U.S. Life Expectancy Reaches Record High of 77.9 Years
Life expectancy for U.S. residents in 2005 reached a record high of 77.9 years, an increase from the previous record high of 77.8 years in 2004, according to a preliminary report released on Wednesday by the National Center for Health Statistics at CDC, the AP/Philadelphia Inquirer reports.
For the report, NCHS considered about 99% of the deaths in all 50 states and Washington, D.C., in 2005 (Stobbe, AP/Philadelphia Inquirer, 9/13). According to the report, life expectancy for blacks increased to 73.2 years in 2005 from 73.1 years in 2004, and life expectancy for whites remained about the same at 78.3 years. The report found that mortality rates among all residents for heart disease, cancer and stroke decreased in 2005. In addition, the report found that deaths from HIV decreased to 12,456 in 2005 from 13,063 in 2004.
However, mortality rates for respiratory disease, accidents, Alzheimer's disease and Parkinson's disease increased in 2005, according to the report. The report also found that age-related deaths decreased for whites, blacks and Asians in 2005 but increased for Hispanics (Harper, Washington Times, 9/13). The overall number of deaths increased by 50,000 in 2005, the report found (AP/Philadelphia Inquirer, 9/13).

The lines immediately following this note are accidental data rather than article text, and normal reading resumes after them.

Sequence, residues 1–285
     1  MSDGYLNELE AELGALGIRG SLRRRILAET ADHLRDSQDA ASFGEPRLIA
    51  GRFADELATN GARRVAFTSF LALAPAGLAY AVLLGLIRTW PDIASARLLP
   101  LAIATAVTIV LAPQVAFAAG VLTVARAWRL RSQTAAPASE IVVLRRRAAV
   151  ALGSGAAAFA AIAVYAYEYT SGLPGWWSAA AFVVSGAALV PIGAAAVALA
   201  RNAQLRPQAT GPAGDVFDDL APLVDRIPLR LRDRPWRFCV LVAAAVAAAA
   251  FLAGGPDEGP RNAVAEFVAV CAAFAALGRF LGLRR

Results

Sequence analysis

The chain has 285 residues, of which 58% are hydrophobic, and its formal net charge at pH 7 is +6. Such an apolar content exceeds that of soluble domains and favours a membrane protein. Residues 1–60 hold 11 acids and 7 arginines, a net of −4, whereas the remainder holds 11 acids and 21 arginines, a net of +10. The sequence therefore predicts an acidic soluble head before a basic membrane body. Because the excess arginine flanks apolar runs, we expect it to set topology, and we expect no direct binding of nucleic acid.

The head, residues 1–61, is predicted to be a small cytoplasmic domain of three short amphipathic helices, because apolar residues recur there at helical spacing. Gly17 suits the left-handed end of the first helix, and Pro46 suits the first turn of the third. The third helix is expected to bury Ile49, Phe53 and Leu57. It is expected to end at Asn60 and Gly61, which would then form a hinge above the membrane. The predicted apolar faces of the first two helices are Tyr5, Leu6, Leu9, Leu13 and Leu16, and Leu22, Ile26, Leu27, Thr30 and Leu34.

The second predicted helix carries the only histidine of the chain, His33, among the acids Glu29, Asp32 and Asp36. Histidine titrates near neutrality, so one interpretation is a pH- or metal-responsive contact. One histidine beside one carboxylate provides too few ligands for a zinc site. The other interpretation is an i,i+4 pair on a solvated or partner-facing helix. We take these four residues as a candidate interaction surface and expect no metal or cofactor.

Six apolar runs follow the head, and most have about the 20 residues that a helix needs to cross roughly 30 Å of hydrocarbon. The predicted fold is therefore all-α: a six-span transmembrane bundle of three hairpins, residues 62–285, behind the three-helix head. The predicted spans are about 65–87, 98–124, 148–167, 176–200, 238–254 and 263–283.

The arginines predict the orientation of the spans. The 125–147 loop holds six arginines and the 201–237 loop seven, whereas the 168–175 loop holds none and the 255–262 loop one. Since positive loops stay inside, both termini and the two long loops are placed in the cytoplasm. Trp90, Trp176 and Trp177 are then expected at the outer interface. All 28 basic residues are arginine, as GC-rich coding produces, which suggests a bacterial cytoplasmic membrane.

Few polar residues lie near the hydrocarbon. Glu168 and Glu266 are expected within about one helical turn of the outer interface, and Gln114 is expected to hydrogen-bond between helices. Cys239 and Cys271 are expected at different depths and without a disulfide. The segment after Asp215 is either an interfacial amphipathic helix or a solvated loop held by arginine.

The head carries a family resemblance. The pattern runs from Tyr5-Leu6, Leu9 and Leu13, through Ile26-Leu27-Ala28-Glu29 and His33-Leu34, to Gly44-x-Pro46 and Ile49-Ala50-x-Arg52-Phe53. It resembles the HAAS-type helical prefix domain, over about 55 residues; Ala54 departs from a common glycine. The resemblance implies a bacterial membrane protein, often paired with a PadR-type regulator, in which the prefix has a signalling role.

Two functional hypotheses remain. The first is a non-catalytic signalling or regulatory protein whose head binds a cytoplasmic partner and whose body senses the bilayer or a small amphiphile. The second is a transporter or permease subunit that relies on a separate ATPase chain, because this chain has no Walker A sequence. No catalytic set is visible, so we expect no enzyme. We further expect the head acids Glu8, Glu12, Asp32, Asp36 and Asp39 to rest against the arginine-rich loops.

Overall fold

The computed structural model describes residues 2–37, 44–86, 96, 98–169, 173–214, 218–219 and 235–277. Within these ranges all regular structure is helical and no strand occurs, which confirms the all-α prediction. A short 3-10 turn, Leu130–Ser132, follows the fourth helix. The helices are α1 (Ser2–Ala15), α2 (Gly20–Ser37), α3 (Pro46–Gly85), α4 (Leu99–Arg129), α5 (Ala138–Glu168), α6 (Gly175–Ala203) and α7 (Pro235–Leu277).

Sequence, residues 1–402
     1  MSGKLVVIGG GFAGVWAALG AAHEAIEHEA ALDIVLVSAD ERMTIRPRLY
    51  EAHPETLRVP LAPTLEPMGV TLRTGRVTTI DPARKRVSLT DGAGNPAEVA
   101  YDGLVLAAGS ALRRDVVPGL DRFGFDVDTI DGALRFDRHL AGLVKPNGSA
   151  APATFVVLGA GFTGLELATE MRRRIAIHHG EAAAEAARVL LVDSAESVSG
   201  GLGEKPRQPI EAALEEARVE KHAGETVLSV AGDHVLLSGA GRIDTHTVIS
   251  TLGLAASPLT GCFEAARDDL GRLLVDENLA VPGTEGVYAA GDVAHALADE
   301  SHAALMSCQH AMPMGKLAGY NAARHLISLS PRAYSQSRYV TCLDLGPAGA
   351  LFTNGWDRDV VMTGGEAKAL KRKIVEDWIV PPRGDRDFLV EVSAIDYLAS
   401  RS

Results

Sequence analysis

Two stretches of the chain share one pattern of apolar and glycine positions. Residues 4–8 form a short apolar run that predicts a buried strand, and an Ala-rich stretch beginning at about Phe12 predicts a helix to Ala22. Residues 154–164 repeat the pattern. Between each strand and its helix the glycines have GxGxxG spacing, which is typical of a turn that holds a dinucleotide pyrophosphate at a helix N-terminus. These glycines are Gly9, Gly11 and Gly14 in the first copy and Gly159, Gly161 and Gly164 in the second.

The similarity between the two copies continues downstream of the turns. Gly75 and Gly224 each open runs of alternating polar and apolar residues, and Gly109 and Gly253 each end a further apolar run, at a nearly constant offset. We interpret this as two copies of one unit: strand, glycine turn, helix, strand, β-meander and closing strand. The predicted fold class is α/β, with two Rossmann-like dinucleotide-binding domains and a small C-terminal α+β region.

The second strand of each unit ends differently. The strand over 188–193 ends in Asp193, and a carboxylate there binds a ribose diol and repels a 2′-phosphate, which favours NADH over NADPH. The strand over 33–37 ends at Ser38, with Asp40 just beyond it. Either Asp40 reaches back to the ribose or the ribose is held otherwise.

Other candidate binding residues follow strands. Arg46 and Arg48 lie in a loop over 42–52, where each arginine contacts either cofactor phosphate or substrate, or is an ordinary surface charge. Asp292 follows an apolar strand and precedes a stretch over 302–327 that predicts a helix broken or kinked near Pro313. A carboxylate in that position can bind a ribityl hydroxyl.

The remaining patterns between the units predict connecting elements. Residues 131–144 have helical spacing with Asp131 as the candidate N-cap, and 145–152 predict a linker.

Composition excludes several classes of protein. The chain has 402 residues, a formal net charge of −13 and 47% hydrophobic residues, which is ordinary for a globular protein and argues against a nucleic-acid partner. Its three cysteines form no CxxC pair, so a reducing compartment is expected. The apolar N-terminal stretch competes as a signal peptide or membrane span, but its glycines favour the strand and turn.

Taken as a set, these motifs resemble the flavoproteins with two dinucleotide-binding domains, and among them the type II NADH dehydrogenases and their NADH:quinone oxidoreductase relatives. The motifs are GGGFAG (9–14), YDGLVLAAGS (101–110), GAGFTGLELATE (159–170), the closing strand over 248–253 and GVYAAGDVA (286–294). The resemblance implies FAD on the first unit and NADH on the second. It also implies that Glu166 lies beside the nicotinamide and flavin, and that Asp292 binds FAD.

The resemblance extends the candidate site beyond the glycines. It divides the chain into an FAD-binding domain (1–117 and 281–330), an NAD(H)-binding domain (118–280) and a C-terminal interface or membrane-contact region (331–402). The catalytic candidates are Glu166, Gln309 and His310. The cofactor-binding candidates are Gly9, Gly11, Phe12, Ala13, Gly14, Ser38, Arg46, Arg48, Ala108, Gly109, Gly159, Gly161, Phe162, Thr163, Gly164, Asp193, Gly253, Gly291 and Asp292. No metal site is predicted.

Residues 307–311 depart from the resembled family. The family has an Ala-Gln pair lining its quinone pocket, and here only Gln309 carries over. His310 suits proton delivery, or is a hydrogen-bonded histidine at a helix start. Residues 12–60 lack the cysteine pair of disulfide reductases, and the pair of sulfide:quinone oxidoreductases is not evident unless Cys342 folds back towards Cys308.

Hsiang-Ching Kung, an NCHS statistician and a co-author of the report, attributed the decreases in mortality rates for heart disease, cancer and stroke to "better prevention efforts and medical advances" in treatments. He added, "If death rates from certain leading causes of death continue to decline, we should continue to see improvements in life expectancy" (Washington Times, 9/13). The report is available online.
ABC's "World News" on Wednesday reported on the report. The segment includes comments from Bruce Johnson, an oncologist at the Dana-Farber Cancer Institute; Steven Nissen, chair of the cardiology department at the Cleveland Clinic; and Robert Anderson of NCHS (Stark, "World News," ABC, 9/12). Video of the segment is available online.This is part of the California Healthline Daily Edition, a summary of health policy coverage from major news organizations. Sign up for an email subscription.